Artifacts From Distant Lands Fill the Studio of Designer Jonathan Rachman

Artifacts From Distant Lands Fill the Studio of Designer Jonathan Rachman


The industrial Dogpatch address of the 5,000-square-foot warehouse-cum-atelier of interior designer Jonathan Rachman has little bearing on the world within this space. The studio doubles as a scrapbook for the Sumatran-born designer, brimming, as it is, with a rotating collection of treasures brought back from annual pilgrimages to Europe and, of course, his native Indonesia.

Rachman’s wanderlust stems from a childhood spent traveling with his parents, plantation owners in Indonesia’s Lampung Province, who grew coffee and exotic spices for export. “My father would take me out of school just to travel,” says Rachman, recalling a time when the elder Rachman smuggled the family into mainland China in order to visit their ancestral lands (political tension between Indonesia and China made visits difficult). As a way to stay connected to the nomadic life without going broke, Rachman “dabbled” in hotel management for 10 years before reality intruded. “I soon realized that I’d rather be a guest than working,” says the designer, who moved to San Francisco in 1989 and opened a floral design company before transitioning to interiors. This career is a natural fit for a man who, for decades, has been prowling Parisian flea markets and Javanese workshops in search of extraordinary items.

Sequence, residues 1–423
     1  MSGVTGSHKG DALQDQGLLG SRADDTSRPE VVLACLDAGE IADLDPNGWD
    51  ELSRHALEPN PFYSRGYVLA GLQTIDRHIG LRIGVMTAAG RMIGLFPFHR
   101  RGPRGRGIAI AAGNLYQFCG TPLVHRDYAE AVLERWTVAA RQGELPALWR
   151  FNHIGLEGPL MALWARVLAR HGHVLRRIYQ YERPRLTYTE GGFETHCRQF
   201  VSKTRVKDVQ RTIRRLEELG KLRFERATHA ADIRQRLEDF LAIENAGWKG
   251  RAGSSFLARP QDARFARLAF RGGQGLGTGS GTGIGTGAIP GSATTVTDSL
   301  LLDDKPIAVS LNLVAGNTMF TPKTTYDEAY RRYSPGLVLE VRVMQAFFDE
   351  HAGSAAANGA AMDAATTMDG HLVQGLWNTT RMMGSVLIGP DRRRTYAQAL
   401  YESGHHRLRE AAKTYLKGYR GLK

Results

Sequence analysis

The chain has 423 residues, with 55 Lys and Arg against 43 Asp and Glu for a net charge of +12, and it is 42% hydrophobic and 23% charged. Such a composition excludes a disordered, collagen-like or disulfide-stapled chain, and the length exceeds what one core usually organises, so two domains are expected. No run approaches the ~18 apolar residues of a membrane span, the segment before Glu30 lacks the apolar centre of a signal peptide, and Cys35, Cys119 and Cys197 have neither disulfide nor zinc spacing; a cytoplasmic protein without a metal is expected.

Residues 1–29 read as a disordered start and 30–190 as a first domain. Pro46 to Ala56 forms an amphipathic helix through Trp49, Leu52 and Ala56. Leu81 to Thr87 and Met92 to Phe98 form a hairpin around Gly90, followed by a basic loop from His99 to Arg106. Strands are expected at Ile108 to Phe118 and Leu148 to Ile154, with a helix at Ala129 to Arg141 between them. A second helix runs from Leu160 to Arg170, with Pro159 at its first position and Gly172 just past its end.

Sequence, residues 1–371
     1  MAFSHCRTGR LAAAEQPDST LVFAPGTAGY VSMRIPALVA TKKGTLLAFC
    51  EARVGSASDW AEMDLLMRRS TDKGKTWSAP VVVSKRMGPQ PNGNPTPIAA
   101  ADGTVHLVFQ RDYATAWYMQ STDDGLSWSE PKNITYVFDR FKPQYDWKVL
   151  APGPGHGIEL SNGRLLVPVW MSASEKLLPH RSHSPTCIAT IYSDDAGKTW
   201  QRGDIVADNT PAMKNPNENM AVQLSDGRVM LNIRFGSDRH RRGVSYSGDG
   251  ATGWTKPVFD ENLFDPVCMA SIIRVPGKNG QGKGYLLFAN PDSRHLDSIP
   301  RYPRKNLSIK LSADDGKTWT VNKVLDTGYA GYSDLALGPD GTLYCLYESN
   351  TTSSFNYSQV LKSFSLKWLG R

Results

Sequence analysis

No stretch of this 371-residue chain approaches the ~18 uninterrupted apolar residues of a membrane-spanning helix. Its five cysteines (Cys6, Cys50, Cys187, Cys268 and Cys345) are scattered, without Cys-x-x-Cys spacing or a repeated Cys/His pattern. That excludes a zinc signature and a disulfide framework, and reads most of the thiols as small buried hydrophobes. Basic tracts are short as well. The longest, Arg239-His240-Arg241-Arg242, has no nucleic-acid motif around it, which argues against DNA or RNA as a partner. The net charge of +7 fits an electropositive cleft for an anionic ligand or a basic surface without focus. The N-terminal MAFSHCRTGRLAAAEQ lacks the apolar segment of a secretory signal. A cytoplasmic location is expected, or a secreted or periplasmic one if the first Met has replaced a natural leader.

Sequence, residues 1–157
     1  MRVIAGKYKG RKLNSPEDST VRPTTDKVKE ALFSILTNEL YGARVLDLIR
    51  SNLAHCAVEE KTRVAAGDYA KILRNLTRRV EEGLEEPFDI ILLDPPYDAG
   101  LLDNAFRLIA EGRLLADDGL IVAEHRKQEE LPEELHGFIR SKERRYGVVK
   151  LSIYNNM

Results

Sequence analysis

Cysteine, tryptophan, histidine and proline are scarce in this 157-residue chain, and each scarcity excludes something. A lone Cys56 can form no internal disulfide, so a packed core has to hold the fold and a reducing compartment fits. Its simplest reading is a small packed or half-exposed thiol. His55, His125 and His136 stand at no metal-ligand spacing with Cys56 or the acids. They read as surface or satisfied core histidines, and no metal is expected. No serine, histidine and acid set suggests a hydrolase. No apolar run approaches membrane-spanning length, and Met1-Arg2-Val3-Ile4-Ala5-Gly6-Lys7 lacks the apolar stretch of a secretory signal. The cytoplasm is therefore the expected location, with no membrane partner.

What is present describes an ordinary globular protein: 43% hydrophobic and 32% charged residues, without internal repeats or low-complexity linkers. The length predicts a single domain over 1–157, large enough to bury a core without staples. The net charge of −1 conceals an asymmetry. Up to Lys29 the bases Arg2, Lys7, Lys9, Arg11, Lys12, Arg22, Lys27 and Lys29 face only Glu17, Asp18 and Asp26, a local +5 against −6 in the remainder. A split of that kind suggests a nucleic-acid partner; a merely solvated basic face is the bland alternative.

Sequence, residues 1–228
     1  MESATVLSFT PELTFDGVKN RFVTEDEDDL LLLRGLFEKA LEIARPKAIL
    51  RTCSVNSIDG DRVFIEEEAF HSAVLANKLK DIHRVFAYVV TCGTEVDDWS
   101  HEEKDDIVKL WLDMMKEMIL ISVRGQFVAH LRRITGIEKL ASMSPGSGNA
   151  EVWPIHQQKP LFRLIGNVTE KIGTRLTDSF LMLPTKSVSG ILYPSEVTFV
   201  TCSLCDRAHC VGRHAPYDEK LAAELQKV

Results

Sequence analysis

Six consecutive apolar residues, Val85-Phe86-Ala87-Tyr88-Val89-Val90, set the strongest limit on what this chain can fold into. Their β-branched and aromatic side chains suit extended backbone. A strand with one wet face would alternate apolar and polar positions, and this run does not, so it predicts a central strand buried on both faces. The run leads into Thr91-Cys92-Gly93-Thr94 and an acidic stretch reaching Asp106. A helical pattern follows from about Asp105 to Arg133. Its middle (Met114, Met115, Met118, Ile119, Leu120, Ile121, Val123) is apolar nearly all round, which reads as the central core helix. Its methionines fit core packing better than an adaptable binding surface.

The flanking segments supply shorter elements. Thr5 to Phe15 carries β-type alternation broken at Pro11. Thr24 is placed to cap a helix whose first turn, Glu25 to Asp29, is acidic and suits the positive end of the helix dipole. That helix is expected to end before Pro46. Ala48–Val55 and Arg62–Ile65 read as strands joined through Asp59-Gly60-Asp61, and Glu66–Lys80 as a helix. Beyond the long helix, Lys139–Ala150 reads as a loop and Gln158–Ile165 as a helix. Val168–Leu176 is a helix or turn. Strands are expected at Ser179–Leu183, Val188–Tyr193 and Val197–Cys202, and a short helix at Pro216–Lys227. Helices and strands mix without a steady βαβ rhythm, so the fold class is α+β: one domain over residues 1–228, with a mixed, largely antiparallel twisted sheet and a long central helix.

“Everywhere I go, I find something I can’t live without,” says Rachman, 43. The result of this feverish collecting is an eclectic wonder emporium, in which each object cues a childhood memory. The Chinese daybed purchased in Java recalls the one on which Rachman would while away sweltering afternoons with his grandmother. Stacks of eyeglasses, unearthed in London antiques stores and tucked into bespoke tortoiseshell and shagreen cases, remind him of an uncle fitting him for his first pair of spectacles. And a wooden abacus summons the rhythmic clicking of his father adding up his business accounts.

Currently at work on a private 35-acre hotel villa in the mountains of North Bali (as well as a couple of boutique inns closer to home—the Steinhart Hotel and Hotel Union Square), Rachman logs plenty of time overseas. His itinerant lifestyle has recently prompted him to self-publish a lifestyle magazine, Di Sini Di Sana (“Here and There” in 
Indonesian), which will soon be found in United Airlines first-class lounges worldwide. “Some people go to school all their lives to continue their education,” says Rachman. “I travel.” 

This article was published in 7x7's May 2014 issue. Click here to subscribe.

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